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Gros-Madame: Louis XVI's Other Sister

Louis XVI's other sister, Clotilde

Much has been written about Louis XVI's faithful sister, Élisabeth-Phippine-Marie-Hélène de France, but did you know he had two other sisters?

Marie Zéphyrine was a petite princess with wide blue eyes and a complexion of peaches and cream.  Born in August 1750 - four years before Louis - she would live but a short time.  In 1755, Marie Zéphyrine suffered from violent convulsions and died.   She was buried at the Royal Basilica of Saint Denis outside Paris.

Louis XVI's other sister was Marie Adélaïde Clotilde Xavière, who was born at the palace of Versailles on September 23, 1749.  Clotilde, a plump baby, possessed a voracious appetite.  Courtiers who gathered to watch the royal family at table described her as a "round little ball" who devoured meat, vegetables, and anything else placed before her.  Her dining room antics - and ever widening mid-section - soon earned her a nickname at court - Gros Madame (Fat Madame).  In the painting above, a young Clotilde balances a plate of ripe fruit on her lap as she sits astride a goat.  Her brother, the Comte d'Artois, rests his hand on her shoulder.

When Marie Antoinette arrived at Versailles, she spent much time with her husbands sisters.  Though she liked the pretty, energetic Princess Élisabeth, she found Clotilde to be fat and priggish. 

In 1775, Louis XVI arranged a match between Princess Clotilde  and Charles Emmanuel, the Prince of Piedmont (future King of Sardinia).

Despite her ever growing girth, Clotilde took the baton she was handed and sprinted with it.  That is to say, she devoted herself to her husband.  Theirs would prove a loving matrimony.

Although Clotilde never returned to France, she remained close with her sister.  When Madame Adélaïde and Madame Victoire (Louis XV's doddering, spinster daughters) fled Revolutionary France, Clotilde held out her flabby arms and welcomed them to her palace.

12 comments:

  1. I had no idea Louis had another sister. You are a walking encyclopedia of Louis and Marie Antoinette. I wish I could spend an hour asking you questions about them.

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    1. Jennifer ~

      Ask away, mon amie! I would not offer this to just anyone, but you have been such a faithful and generous follower. If you would like, you can either submit a list of questions to me or we can arrange a chat session. I could even publish our exchange here, if you would like. I know it is not the same as sitting across from me in some charming cafe, but I hope it will do.

      All the best.
      Leah Marie, La Comtesse

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  2. I just finished reading your book and am so sad it is over. I didn't want to say goodbye to Sebastien or Francoise. When will your next book be out?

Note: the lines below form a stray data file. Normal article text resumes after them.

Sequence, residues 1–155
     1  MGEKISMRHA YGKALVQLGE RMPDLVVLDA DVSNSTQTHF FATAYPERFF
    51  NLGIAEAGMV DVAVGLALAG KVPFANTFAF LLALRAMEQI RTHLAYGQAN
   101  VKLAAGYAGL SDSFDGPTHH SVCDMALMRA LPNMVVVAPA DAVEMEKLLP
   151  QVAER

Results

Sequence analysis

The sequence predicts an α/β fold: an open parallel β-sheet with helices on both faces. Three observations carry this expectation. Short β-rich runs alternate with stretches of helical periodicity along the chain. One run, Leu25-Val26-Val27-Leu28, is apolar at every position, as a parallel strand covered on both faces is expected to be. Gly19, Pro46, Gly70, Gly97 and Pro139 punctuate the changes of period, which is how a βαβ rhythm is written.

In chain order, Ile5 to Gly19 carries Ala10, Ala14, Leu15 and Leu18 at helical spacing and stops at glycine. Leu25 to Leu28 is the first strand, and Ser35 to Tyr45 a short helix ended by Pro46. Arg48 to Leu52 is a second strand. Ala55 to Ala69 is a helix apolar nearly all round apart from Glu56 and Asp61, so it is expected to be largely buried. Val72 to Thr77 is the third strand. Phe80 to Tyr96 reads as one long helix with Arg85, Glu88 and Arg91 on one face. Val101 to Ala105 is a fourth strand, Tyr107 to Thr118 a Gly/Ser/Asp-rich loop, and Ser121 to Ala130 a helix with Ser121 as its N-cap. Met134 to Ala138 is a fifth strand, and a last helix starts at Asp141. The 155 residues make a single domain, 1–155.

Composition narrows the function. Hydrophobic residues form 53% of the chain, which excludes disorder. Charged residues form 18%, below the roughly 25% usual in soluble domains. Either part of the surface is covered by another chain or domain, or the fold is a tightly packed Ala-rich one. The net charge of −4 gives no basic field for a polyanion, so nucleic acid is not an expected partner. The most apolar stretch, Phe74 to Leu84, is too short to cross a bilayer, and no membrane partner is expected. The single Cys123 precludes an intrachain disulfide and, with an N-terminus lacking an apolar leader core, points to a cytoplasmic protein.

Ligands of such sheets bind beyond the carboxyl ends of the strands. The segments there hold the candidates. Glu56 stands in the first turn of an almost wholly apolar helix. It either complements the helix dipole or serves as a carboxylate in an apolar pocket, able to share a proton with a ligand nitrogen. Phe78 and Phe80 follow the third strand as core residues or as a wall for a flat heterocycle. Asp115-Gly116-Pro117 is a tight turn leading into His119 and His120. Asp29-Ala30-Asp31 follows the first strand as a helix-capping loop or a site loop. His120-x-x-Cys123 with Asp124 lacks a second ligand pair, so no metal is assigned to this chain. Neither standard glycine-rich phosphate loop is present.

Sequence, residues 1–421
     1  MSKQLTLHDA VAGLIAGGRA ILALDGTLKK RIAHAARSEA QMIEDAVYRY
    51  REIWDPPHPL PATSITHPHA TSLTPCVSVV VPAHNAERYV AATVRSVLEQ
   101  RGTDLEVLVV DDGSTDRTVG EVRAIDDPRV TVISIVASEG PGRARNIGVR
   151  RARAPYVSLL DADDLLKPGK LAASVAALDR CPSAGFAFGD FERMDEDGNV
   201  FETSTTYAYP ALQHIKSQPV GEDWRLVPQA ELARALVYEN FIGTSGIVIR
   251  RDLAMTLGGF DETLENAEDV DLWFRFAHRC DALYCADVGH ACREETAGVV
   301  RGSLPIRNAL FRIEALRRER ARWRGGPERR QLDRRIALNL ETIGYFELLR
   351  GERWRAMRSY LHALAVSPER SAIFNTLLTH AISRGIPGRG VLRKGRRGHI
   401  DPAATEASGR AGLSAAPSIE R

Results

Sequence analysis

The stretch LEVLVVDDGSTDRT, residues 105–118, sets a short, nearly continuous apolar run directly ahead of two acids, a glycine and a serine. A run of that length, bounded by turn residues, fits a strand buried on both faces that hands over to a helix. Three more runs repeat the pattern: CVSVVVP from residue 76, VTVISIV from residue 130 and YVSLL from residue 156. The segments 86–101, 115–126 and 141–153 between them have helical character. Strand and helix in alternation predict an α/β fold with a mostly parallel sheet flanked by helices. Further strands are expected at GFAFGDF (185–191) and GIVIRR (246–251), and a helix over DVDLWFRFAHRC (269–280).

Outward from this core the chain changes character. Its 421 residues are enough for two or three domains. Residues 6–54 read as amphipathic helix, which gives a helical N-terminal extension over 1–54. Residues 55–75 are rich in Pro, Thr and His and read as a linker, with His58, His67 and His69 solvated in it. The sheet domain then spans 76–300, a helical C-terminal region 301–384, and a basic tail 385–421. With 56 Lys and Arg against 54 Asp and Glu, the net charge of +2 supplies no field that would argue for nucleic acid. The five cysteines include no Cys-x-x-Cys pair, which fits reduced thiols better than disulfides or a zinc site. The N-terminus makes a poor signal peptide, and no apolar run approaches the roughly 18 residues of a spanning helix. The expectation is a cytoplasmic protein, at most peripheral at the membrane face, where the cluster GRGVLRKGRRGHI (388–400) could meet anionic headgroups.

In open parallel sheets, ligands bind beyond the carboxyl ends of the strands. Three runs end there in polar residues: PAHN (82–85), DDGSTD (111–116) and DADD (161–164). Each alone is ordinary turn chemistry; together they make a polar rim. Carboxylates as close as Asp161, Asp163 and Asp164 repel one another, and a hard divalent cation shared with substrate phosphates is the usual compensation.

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    1. Maggie ~ Hopefully by the end of the year. A publisher in the United Kingdom is considering Scarlet Ribbons, a romance novel about a woman who narrowly escapes the guillotine, flees France, and returns later to exact revenge on the man who condemned her. I am negotiating a contract for my novel The King's Charade - a historical romance set in the court of Louis XVI. Please check back here or follow me on Twitter for more details! @leahmariebrown OR @18thCFrance

      Merci beaucoup.

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  3. I really enjoyed learning about Marie Adélaïde Clotilde Xavière. I'm new to your blog and loving it! Vanna

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    1. Merci Ilvrotiques! I am glad you have somehow stumbled upon my blog and honored that you pay me such praise. Do come back and let me know what you think. (Also, I tweet daily tidbits on Twitter @18thCFrance )

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  4. I am fascinated by your blog and will order several of your books! What an astute historian you are! Please keep me posted on upcoming books to be published.
    marylynnmabray@me.com

    Bon chance' to you...:-)

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    1. Merci Mary Lynn! I am so glad to welcome you to my coterie! All the best.

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  6. What a charming and informative site! Did you know Marie Antoinette's 'Joyous Entre' that ended in a fireworks explosion 30 May 1770 was listed in the Guinness Book of World Records?

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  7. What a charming and informative site! Did you know Marie Antoinette's 'Joyous Entre' that ended in a fireworks explosion 30 May 1770 was listed in the Guinness Book of World Records?

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    1. Thank you, Greg! I appreciate your thoughtful comments on my blog. Happy reading.

      More on the fireworks explosion:
      http://whitelightblacklight.blogspot.com/2009/07/bastille-day-july-14-1789.htm

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You have left a comment on my blog! Merci beaucoup! I hope to you will visit Titillating Facts About the Life and Times of Marie Antoinette again soon! Until then...au revoir and bonne chance!